TLT Conference 2009: Lauren Oswald

Transforming Informal Learning Spaces

[Evaluate this presentation]


Classrooms are no longer the only learning spaces on campus. Learning
now takes place wherever the learner is inspired. Missouri University
of Science & Technology has transformed an informal learning space
that enables collaboration, socialization and individual work. This
presentation will discuss the importance of informal learning spaces
and how our campus began the process to transform these spaces.

EdTech goes to Educause 2008 in Orlando, Florida

Angie Hammons and Lauren Oswald, members of the EdTech group here on campus, recently had the opportunity to do a poster presentation at Educause 2008, which took place in Orlando, Florida, Oct 28 – 31.

Here is what Angie experienced:

I had the privilege of being accepted to present a poster
session at Educause 2008 in Orlando with Lauren Oswald. I have presented at
multiple conferences all over the United States but wasn’t prepared for what
Educause was truly like. To give you a little idea of what the conference was
like, there were over 8000 attendees from around the world. The theme this year
was “Interactions, Ideas and Inspiration.” It was incredibly exciting to share
with individuals what we are working on here on campus and know that we have
many interested in coming to visit with us to see what we have been doing. It
was a great conference to connect with other professionals involved in higher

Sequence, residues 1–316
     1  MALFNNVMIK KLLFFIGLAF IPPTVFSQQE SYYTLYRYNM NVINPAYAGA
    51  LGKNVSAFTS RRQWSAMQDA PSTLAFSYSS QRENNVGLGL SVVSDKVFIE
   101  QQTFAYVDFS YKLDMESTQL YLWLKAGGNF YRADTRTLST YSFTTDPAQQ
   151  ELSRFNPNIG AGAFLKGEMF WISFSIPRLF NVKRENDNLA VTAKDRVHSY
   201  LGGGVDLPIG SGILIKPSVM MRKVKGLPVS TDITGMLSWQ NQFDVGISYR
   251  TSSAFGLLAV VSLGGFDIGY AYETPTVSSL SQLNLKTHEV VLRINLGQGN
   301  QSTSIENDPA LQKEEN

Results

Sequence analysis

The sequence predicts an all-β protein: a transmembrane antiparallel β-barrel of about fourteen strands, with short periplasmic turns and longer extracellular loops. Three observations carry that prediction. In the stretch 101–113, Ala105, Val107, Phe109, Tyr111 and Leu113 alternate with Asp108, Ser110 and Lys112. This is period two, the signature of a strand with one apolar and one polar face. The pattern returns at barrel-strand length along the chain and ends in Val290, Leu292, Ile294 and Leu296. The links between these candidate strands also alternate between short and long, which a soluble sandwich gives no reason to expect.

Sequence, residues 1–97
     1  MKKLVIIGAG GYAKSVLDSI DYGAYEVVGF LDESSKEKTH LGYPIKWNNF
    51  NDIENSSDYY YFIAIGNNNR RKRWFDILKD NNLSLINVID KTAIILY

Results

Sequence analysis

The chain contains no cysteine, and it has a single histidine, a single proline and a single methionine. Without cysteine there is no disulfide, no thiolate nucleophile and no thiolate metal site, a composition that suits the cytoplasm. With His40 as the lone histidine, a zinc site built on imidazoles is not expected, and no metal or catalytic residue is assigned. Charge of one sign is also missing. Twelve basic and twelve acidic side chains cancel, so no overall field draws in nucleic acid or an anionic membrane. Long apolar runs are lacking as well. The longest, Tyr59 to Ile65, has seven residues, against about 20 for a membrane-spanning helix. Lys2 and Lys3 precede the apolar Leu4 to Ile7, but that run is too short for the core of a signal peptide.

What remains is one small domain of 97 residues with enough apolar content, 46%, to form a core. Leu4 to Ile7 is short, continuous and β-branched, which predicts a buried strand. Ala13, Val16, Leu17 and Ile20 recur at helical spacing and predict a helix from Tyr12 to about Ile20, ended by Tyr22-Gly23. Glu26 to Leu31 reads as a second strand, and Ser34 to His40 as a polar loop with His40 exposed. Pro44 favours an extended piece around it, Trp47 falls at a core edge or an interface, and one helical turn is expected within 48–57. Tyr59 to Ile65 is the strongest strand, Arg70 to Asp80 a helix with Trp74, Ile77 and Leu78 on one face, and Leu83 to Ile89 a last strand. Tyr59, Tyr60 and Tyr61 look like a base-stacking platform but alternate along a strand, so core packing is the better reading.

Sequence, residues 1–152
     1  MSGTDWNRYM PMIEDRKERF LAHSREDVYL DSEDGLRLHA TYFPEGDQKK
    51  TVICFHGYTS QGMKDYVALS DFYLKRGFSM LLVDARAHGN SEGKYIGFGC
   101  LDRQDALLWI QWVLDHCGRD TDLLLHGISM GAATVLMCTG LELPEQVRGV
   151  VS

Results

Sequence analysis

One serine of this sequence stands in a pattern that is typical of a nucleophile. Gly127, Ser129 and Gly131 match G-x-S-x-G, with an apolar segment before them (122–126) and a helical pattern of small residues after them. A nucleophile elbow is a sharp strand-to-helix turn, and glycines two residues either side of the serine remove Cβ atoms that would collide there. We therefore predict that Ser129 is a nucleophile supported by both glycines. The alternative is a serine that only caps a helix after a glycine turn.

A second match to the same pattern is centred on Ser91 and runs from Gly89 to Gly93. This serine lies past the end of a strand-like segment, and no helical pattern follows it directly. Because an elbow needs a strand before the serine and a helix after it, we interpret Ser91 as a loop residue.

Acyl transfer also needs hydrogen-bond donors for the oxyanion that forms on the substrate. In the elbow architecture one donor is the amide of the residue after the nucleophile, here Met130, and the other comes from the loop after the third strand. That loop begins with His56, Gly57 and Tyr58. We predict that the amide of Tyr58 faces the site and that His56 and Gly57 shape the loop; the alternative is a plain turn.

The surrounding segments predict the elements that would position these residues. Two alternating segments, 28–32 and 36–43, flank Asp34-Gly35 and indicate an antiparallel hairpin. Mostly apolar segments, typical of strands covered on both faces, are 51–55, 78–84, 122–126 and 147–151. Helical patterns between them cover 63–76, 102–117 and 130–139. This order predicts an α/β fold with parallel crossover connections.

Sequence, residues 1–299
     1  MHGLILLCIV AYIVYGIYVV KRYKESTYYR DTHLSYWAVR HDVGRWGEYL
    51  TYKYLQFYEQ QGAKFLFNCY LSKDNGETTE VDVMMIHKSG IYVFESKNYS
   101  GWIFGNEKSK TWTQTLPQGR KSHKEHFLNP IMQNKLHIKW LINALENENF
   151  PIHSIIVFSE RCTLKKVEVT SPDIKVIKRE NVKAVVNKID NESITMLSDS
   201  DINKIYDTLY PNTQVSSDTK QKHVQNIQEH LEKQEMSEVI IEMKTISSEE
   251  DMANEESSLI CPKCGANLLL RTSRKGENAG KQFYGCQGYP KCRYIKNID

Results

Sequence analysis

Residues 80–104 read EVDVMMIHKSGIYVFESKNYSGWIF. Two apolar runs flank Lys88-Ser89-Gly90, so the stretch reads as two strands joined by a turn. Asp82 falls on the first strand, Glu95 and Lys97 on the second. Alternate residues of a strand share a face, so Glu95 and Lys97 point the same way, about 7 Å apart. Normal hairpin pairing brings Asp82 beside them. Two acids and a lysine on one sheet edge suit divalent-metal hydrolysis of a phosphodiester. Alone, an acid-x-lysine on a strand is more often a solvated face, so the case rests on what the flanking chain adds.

education. It was a great opportunity for me to explore the issues surrounding
pedagogy that got me into education originally. So often, I focus on the
technology but truly enjoyed this opportunity to explore how we use technology
in the classroom and how it can truly impact the education process. The
integration of technology into any classroom should not be about having a shiny
new toy. It truly should be about providing new tools that enhance the learning
process. It is incredibly important that the addition of technology to a course
should be carefully planned out and designed.

The poster session was scheduled for late Thursday
afternoon, so I was expecting a lot of people to not be interested in coming.
Boy was I ever wrong. There was an incredible amount of people who descended on
the presentations. For the entire hour and fifteen minutes, we didn’t quit
talking and sharing how we have been transforming informal learning spaces on
campus. I had the opportunity to connect with many universities around our state
as well as around the world. Informal learning spaces have become an important
topic in higher education.

Where does learning take place?


was a question that began the process of examining the learning spaces on
campus.  Learning takes place anywhere
and everywhere in our society today. Classrooms are no longer the only place on
campus that learning takes place. 
Learning now takes place wherever the learner is inspired. “All learning
takes place in a physical environment with quantifiable and perceptible
physical characteristics.” – Graetz, Ken “The Psychology of Learning Environments”,
Learning Spaces, Educause 2006,


How do universities and colleges
transition their traditional spaces to accommodate the needs of an
ever-changing student population?


learning takes place anywhere, how do we as universities plan spaces or
vignettes that support a process that is ever changing? “Learning is the
central activity of colleges and universities. Sometimes that learning occurs
in classrooms (formal learning); other times it results from serendipitous
interactions among individuals (informal learning). Space – whether physical or